Happy New Year to you! I am just returning from spending the holidays at home, and preparing for my first semester finals this coming week at Magee.
There has been plenty of good craic since November–shortly after my first journal entry my Peace and Conflict Studies class took a field trip to Dublin for briefings with representatives of the Taioseach’s office, the Foreign Ministry and US Embassy. One highlight was U.S. Ambassador James Kenny, who spent over an hour meeting with us and answering our questions. That discussion made me appreciate just how much work America has done and continues to do for peace in the North. The Ambassador’s generosity was repeated in inviting all the Mitchells down to his residence Dublin in earlyDecember.
One advantage to living in Ireland is that the books of one of my new favorite authors, Bernard Cornwell, is much more well known and available. My girlfriend and I read Sharpe’s Tiger together when she visited in November, and we have continued the Sharpe series, a story about a rogue British Infantryman during the Napoleonic Wars.
Some of the best craic of the fall has surely been Tony’s Table Quiz. Every Wednesday night is quiz night at the Linen Hall pub in Derry City. My flatmates and some other UU students and I have gone every week without fail, to compete against other pub goers at anagrams, music, football, and soap operas.
My Scottish roommate happens to be a fan of all of these–but the last was his specialty. One magical night, we won a case of Budweiser, of all beers, the night before thanksgiving, of all days. In addition to our Scot’s expert knowledge of “Coronation Street” I was lucky to receive such Maine-related questions such as, “Who wrote Uncle Tom’s Cabin?”, “What U.S. state is known as the Pine Tree State?”; and, “What animal was the movie Andre about?” We’ll look to continue the weekly tradition this spring.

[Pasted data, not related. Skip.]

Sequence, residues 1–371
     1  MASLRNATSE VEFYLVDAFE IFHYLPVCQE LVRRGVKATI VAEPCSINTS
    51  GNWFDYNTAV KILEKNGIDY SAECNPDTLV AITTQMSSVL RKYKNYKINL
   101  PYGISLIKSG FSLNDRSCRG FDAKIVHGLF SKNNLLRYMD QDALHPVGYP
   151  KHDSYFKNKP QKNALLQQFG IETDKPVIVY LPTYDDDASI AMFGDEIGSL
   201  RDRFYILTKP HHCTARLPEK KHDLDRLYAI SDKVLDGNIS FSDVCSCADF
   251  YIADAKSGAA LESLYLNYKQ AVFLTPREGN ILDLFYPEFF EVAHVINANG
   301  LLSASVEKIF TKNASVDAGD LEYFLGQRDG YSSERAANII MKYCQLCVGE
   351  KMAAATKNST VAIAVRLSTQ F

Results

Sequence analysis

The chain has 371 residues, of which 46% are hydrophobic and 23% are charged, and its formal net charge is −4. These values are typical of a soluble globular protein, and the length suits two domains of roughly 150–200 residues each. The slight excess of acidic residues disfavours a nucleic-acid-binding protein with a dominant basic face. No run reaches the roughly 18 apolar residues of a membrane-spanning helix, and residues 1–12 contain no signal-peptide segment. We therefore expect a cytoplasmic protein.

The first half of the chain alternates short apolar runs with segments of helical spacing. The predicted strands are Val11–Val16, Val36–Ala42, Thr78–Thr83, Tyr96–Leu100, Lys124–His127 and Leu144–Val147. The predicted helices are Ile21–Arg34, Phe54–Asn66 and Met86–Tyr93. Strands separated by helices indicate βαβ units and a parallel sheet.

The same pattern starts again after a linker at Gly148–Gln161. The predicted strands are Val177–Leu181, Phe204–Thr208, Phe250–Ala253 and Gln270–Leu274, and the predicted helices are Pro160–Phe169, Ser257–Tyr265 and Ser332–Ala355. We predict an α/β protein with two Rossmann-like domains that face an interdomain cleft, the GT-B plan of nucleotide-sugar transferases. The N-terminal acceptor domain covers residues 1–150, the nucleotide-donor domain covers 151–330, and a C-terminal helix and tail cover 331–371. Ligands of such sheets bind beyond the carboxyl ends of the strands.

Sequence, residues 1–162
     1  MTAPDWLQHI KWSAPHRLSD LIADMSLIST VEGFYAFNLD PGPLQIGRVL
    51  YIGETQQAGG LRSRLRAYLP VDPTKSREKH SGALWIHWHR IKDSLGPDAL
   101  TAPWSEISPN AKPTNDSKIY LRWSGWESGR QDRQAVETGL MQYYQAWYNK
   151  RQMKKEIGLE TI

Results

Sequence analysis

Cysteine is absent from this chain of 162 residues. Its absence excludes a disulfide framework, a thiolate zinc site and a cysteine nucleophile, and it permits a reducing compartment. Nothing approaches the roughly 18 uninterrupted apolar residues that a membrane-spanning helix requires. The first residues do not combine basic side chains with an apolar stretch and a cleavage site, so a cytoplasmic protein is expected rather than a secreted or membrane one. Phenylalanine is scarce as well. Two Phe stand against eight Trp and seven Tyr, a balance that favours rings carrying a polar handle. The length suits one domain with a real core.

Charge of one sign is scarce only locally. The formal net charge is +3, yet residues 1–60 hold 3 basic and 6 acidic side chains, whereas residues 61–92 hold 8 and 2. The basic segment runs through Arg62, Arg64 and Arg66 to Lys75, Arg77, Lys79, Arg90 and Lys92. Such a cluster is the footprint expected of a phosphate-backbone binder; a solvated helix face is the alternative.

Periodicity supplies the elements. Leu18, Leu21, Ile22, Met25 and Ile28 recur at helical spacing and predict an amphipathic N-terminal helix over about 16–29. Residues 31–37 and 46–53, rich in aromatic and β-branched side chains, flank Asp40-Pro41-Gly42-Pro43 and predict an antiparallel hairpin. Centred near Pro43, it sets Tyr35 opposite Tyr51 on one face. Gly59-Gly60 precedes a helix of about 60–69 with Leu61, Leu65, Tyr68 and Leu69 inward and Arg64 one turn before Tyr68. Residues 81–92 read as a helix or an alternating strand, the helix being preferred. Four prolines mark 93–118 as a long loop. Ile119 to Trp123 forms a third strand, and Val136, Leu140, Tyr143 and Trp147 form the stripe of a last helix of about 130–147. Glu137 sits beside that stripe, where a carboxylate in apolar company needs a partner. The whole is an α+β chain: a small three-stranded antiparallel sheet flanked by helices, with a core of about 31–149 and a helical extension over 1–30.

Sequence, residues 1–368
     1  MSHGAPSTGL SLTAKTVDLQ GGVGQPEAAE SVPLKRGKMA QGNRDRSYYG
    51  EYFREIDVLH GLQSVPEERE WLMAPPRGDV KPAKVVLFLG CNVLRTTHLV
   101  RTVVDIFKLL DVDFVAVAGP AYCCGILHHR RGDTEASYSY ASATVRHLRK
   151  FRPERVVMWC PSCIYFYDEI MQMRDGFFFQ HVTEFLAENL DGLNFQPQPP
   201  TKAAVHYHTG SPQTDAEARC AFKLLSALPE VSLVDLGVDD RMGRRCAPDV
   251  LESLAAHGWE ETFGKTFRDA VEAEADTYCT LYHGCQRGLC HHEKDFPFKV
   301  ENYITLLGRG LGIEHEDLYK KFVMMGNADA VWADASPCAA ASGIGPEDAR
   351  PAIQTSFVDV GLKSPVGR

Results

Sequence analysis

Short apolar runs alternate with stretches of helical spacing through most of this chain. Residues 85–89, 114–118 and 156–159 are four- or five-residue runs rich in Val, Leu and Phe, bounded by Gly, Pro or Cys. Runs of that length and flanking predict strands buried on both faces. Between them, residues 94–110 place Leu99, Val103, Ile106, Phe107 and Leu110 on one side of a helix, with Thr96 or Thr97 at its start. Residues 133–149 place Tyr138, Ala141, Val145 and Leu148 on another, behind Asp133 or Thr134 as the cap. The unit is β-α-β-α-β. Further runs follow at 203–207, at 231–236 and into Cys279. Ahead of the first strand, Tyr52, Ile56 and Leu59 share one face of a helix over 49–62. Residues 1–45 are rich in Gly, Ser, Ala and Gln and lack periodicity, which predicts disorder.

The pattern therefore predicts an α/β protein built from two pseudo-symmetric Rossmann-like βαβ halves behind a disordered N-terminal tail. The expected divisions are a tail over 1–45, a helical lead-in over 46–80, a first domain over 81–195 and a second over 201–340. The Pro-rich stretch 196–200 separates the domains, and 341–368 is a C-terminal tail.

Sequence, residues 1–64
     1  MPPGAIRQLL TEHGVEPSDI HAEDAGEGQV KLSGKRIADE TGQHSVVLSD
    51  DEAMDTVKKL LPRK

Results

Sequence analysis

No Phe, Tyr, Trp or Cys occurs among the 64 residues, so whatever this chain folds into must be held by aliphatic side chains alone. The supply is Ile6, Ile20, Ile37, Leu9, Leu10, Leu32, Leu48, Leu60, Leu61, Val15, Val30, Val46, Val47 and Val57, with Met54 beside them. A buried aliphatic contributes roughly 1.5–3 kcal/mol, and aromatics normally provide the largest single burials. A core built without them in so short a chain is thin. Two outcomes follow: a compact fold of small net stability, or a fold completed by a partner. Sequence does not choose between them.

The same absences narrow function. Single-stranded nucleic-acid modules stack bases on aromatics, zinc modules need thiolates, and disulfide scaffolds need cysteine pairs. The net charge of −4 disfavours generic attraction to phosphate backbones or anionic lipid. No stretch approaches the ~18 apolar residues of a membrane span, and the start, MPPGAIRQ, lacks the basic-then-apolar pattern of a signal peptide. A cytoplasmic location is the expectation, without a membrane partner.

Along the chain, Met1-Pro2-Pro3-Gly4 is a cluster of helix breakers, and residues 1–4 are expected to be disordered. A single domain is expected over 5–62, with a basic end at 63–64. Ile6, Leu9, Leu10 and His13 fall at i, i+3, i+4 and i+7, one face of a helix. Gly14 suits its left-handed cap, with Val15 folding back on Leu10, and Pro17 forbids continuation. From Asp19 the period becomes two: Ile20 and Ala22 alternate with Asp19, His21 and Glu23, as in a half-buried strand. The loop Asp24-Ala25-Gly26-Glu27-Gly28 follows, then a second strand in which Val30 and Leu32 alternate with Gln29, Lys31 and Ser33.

While it was my first Thanksgiving away from the States, we had no problem celebrating it. Carie brought a can of pumpkin pie filling from home (they don’t seem to have pumpkin pie in Ireland!?, and I braved the blizzard-like elements to procure the rest of the ingredients. It was an excellent dinner with excellent people–some of them having their first Thanksgiving. It was followed up the next day by another wonderful dinner at Melissa’s apartment at University College Dublin. The relationships I am developing with the Irish and the other Mitchells are what I have been most thankful for.
The best day of the last two months was the opportunity to meet Senator Mitchell in Belfast. We were able to see the human side to a man so accomplished–one who, like the Irish I’ve met, was a good storyteller and quick witted. The most important advice that I took from him was to be professionally flexible in the coming years–he had originally wanted to be a teacher, but he joined the army, then became a judge. I am at a position where I know I want to do non-profitwork and public service–but am unsure exactly where I want to work and what future degrees I want to attain. While it can be challenging to be among other scholars who are already enrolled in PhD and Law programs, remaining open right now is in another sense liberating for me at this point in my life. I am glad the Senator affirmed that.
I return to Ireland in a year that is going by quickly, resolved to take even more advantage of my time there. I am bringing a special companion that I left behind last semestr–my tenor sax–to hopefully start playing with some other student musicians. I also anticipate attending the approaching Bloody Sunday anniversary, which is a must. Lastly, this February I am looking forward to making use of my USIT travel stipend to travel to Krakow and see Auschwitz and various John Paul II sites.
I want to add a special congratulations to Sarah Wappett from Georgetown, a new Mitchell who will be studying in Dublin next year. Hoya Saxa, Sarah!